It follows that the major danger regarding debt at this moment is not borrowing too much, but borrowing too little. As my colleague Jeff Spross points out, if we don't do enough to rescue the economy, we will be stuck in the same mass employment/low growth sandpit we were trapped in for years after the Great Recession. We have spent over a decade learning at brutal cost why austerity is wretched policy, but debt scaremongers have apparently learned nothing from the last 12 years of economic history. Indeed, a 2012 study by economists Brad DeLong and Larry Summers demonstrated that even by the terms of the austerians, borrowing during a depression can literally pay for itself by preventing damage to the economy and thereby boosting future tax revenue.

All this is not to say that there are no legitimate reasons to oppose an enormous national debt. As economist Thomas Piketty points out in his book Capital and Ideology, one negative is that most debt is held by the rich, and any interest payments on it are therefore a subsidy for the wealthy. After the Napoleonic Wars, for instance, the U.K. paid down most of its enormous resulting debt by spending 2-3 percent of national income on debt service (about a third of tax revenue, or 2-3 times as much as it spent on education) for an entire century — and thus kept a class of upper-class parasites in country estates for three generations.

That is a minor concern for the medium term in America. The debt being issued right now is at near-zero interest rates, and much of it in any case is being bought by the Federal Reserve (meaning much of this "borrowing" is really being financed by printing money). Interest payments to the Fed are no worry at all, because it remits all its profits back to the Treasury Department. But if we were to reach full employment and interest rates begin to rise, that might lead to annoying and unfair interest costs.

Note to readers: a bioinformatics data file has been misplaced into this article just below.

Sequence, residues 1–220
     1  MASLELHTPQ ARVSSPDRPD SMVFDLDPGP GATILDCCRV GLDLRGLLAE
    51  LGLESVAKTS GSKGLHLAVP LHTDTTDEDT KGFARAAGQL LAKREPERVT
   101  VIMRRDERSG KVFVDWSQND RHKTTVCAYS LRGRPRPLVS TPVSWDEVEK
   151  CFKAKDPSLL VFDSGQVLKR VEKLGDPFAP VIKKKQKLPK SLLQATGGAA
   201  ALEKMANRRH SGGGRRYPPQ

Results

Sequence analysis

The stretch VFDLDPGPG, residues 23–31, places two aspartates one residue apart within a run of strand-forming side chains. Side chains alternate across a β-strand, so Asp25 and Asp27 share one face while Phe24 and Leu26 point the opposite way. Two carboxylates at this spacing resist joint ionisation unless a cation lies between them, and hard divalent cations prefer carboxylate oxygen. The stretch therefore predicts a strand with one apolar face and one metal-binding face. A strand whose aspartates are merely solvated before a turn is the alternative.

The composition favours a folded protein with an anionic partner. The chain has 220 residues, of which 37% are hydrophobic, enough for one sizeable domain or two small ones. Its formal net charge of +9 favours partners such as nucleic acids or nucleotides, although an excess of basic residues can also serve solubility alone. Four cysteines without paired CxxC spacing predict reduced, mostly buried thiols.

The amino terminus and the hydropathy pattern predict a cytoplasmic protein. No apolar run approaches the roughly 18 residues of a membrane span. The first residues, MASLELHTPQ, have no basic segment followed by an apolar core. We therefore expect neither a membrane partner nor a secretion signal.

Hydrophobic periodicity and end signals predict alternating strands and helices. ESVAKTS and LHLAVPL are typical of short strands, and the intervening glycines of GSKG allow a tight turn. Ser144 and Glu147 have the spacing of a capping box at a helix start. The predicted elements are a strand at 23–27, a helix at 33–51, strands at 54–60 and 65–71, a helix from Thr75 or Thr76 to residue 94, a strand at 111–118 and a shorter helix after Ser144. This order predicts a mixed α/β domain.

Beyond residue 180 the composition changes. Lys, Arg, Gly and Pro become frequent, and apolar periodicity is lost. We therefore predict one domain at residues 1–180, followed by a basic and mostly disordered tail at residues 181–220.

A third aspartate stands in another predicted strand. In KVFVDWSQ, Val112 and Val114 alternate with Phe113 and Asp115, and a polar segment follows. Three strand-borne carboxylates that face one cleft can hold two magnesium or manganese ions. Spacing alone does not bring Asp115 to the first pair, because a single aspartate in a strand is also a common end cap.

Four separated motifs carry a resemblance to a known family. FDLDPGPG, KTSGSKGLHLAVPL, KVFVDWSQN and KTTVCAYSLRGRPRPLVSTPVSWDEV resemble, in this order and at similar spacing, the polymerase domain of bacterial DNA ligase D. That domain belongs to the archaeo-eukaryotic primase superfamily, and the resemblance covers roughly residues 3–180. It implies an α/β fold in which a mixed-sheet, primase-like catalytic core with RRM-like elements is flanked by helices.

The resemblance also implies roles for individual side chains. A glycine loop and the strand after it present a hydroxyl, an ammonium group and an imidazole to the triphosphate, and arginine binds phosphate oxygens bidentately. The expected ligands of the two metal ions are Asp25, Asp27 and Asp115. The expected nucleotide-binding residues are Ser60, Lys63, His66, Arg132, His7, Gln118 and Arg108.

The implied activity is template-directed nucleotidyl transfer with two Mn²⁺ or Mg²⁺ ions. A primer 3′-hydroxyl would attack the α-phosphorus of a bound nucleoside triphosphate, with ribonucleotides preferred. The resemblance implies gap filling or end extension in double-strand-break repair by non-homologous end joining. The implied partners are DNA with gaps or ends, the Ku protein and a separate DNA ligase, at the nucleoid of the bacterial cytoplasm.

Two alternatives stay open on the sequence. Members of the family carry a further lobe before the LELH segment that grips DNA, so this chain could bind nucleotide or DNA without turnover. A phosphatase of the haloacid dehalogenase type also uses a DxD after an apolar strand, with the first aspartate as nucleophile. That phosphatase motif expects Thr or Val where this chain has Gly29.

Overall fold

Debt scolds simply assert that the only way to deal with this is through austerity, because by their cramped worldview "responsible" policymaking is all about inflicting pain on the population. Citizens must be forced to drink their tough medicine — that is, accept tax hikes and cuts to Social Security and Medicare. But as Piketty argues, the smart way to deal with a potentially burdensome debt is not by austerity, but through a wealth tax. Treasury bonds are assets, and they would be included in any wealth tax. The government could effectively cancel its debt down to a manageable level if need be.

Still, that is a tenth-order worry at best right now. If we end up in a position to worry about interest payments, that will be exceptionally good news. It will mean we somehow got back to full employment and full production. But if we let the austerians once more seize control of the budget policy narrative, as they did from 2010-2013, we will never get there.

CORRECTION: An earlier version of this article said wrongly that the Committee for a Responsible Federal Budget had miscited the previous debt record. The CRFB's calculation referred to debt held by the public, not total debt. We regret the error.